Barry Back - Music Tonight

1986, 10 Roosevelt Ave (Sunset)

  1. Music Tonight

  2. Version














Barry Back is one of the smaller-name artists who deejayed at Black Scorpio during the time that General Trees was the premier deejay on the sound. Other names from that era include Shuka Shine, Culture Lee, Colour Chin, and of course Shelly Thunder and Lord Sassafrass as other big name deejays. Barry Back only has a handful of recordings to his name, Discogs lists eight 7" singles including this one, and then three other tunes on compilation albums. No LP for this man, although in 2018 he did an online release by the name of Roots For The Youths which I have yet to listen to. And there are also a number of tunes by him in recent years on Youtube, including Out Deh and Missing You, and a whole bunch on a channel by the name of "natchize" which has 17 subscribers. Ranging from three to ten years old.


But today I want to draw attention to this '86 single Music Tonight, and when it comes to hidden gems in reggae this tune is where I first struck gold. It is on Harry J's cut of the Revolution Riddim, which is a well versatile version of a crucial riddim. Strong fifths in the bassline, heavy downbeats, loud drums, all cut by some quiet guitar and keys on the skank. Barry Back's deejaying on the tune is of course what carries it into a higher category, and I think Music Tonight is a perfect example of just how far a riddim can be pushed when the deejaying on it is just right. He brings the most hardcore deejay delivery that predates Dem Bow, a little bit volatile and over-excited on the mic but sharp as a razor and executing a very ambitious tune with nuff style and confidence. It's a fast tune, but unique in that it sounds like an original thought instead of just piggybacking off of the fast UK style, which can't be said for other fast tunes in this era like Walking Rocking by General Trees, Plain Truth Lyric by Colour Man, Dance In A Africa by Peter Metro and so on. Now I love those songs and I love the style but there's no denying that it's copycat stuff, which Music Tonight is refreshingly not.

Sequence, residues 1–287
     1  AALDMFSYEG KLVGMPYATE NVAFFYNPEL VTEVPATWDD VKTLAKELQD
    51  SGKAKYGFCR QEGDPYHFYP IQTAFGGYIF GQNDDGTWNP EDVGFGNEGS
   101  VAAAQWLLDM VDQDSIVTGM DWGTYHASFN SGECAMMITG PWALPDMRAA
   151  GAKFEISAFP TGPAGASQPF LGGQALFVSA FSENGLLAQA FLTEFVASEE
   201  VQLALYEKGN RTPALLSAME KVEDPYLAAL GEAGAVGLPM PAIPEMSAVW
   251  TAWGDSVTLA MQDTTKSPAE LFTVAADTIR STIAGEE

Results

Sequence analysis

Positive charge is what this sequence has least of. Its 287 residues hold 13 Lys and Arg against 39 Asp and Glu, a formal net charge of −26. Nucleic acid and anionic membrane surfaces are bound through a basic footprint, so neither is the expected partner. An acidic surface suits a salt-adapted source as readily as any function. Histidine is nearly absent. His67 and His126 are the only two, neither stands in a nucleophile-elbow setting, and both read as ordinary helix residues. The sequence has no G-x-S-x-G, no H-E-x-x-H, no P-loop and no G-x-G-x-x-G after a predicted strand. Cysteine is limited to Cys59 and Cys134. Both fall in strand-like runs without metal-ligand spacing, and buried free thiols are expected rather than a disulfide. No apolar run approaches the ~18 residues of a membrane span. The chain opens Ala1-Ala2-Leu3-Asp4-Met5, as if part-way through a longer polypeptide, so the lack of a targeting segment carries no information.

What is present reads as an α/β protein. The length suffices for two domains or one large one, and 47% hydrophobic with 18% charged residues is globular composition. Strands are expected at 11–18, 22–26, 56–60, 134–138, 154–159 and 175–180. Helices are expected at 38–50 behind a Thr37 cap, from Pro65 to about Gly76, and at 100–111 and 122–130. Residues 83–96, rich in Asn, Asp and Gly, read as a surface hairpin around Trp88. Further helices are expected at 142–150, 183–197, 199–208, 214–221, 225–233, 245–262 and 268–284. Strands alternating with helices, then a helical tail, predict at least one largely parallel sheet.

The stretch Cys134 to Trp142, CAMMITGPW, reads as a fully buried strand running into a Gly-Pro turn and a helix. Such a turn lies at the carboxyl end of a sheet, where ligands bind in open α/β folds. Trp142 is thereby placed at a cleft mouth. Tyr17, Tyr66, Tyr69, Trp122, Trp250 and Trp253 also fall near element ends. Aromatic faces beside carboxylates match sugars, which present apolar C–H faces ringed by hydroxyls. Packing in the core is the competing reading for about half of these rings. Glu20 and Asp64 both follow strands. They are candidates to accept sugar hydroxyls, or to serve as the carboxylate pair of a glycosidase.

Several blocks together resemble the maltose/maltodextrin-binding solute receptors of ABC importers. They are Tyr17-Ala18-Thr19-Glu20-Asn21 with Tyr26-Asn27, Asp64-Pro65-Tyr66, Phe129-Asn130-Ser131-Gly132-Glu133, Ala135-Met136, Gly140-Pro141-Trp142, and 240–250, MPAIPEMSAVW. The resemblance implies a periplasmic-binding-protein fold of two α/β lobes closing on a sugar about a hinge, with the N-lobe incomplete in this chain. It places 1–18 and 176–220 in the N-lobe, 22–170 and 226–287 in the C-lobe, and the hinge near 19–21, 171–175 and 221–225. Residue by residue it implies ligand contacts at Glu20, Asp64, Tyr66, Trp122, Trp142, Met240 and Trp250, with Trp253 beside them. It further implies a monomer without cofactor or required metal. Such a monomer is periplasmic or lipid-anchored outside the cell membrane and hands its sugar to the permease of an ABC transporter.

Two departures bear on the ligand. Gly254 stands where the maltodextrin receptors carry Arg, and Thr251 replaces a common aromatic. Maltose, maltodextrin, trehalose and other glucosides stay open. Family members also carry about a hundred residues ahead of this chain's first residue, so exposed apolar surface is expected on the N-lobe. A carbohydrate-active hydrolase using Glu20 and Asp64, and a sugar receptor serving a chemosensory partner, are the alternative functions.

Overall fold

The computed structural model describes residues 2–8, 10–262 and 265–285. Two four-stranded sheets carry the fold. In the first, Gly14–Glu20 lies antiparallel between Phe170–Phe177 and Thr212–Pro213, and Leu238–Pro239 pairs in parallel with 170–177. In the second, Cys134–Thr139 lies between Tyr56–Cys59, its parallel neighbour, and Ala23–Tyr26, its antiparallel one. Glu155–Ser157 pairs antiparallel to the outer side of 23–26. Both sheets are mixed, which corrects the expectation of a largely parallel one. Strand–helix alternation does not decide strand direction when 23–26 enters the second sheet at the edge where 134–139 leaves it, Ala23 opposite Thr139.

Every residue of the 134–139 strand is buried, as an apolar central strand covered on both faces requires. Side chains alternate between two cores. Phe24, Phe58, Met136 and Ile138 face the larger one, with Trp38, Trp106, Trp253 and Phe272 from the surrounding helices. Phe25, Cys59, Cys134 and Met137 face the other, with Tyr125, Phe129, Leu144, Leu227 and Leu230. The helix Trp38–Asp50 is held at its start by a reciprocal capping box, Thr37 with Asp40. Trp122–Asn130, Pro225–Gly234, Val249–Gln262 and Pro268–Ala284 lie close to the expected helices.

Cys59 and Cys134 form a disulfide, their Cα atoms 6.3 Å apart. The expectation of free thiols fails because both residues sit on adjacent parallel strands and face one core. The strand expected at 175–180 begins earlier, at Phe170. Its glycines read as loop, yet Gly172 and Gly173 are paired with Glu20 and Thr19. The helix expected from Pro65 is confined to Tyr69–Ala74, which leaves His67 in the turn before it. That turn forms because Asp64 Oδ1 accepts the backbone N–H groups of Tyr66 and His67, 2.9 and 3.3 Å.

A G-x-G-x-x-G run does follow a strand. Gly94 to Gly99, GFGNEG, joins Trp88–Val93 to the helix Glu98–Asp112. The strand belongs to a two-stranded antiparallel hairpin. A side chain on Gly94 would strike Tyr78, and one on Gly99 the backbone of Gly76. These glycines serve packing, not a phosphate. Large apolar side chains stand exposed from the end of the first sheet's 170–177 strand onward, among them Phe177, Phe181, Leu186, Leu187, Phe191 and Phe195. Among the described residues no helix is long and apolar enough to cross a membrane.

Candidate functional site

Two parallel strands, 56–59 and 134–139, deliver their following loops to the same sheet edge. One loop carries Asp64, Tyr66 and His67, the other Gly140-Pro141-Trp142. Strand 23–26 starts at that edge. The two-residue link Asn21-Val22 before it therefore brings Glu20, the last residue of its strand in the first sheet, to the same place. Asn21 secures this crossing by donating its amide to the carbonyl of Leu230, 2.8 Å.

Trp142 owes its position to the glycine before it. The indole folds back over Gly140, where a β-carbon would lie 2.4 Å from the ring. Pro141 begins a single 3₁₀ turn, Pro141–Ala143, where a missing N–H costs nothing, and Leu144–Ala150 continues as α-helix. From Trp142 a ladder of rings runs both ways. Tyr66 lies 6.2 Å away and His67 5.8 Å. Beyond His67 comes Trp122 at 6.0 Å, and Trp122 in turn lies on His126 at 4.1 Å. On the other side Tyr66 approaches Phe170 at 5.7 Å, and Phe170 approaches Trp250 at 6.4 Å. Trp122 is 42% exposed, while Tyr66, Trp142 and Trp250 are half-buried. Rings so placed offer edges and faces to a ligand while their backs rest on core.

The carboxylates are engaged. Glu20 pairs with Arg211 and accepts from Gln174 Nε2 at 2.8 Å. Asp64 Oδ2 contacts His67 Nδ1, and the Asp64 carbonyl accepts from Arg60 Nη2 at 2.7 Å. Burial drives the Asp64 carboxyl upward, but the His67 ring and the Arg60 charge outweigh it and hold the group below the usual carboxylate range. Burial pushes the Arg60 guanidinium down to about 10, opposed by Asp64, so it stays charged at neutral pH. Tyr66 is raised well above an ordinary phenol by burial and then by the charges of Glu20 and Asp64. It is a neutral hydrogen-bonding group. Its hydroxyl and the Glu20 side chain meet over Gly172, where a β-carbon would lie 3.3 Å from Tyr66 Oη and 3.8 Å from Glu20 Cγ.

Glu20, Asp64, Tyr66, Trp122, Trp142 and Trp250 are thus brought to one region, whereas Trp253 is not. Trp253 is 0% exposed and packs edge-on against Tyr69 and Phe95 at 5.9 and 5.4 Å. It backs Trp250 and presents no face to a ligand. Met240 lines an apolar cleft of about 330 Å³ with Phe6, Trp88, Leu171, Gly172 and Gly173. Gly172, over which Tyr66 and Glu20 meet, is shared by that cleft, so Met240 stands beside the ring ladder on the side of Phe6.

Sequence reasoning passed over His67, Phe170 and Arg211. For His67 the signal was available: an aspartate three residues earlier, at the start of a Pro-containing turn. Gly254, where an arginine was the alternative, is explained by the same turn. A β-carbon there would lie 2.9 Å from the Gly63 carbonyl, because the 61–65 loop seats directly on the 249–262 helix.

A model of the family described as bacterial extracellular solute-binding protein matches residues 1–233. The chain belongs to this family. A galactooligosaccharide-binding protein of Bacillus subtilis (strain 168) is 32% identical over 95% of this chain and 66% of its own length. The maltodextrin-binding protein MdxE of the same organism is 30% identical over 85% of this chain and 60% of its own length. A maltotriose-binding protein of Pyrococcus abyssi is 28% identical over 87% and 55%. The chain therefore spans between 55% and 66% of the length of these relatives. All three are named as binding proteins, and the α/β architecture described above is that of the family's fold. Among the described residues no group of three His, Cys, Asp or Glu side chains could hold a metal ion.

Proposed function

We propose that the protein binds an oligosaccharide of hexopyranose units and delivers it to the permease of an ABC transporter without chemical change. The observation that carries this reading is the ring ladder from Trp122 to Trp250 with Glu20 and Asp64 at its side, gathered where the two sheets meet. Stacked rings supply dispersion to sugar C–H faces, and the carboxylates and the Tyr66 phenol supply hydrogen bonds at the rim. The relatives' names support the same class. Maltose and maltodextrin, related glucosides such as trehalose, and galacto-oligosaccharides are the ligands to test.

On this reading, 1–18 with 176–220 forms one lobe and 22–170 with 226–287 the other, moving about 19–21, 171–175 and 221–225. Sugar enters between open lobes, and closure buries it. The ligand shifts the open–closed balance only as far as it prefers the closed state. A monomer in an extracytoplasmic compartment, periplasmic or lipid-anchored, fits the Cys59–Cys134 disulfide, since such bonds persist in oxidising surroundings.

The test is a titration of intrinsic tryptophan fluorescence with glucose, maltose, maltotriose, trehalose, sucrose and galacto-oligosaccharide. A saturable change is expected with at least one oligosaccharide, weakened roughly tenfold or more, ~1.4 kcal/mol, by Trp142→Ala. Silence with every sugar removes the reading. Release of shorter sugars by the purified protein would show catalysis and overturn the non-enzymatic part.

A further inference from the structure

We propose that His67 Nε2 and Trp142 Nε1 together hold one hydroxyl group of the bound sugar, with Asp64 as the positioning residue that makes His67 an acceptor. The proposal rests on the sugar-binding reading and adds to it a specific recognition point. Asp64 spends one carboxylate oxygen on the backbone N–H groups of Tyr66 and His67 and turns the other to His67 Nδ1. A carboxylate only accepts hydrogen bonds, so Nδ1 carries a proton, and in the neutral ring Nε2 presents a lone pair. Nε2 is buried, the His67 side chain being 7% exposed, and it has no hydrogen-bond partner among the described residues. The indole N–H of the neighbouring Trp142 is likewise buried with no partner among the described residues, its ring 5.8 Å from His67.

Lyrically it's an anthem tune, with a little repetitive motif that goes like:

"Me no ramp, no skin, no ramp, no skin, no ramp, no skin, no play..."

"Worries and trouble and worries and trouble and music tonight..."

"Some a sting and some a shock and some a dem a bite..."

It starts hardcore, and it just builds and builds in energy, dramatically climaxing with Barry Back's voice starting to crack and give out as he does "Hold up your hand cause you a live stock, mask your face cah you a dead stock, dead stock dey a have fe stay round the back", and immediately after that the tune fades out and finishes. I know this is par for the course in Jamaican dancehall recordings and that tunes don't necessarily have starts and ends and that any way you finish a dancehall recording is going to be some kind of compromise; I also know that there are plenty of UK recordings from the era with painfully bad 'written' endings, but it's still frustrating when there is so much energy going on right before the ending of a killer tune. The best way to scratch the itch is to put on another tune from the same riddim, and nothing tops Music Tonight on Harry J's Revolution, but 85 Plan by Shelly Thunder is a very close second, and hopefully one day that will become the beginnings of a mixset somewhere.


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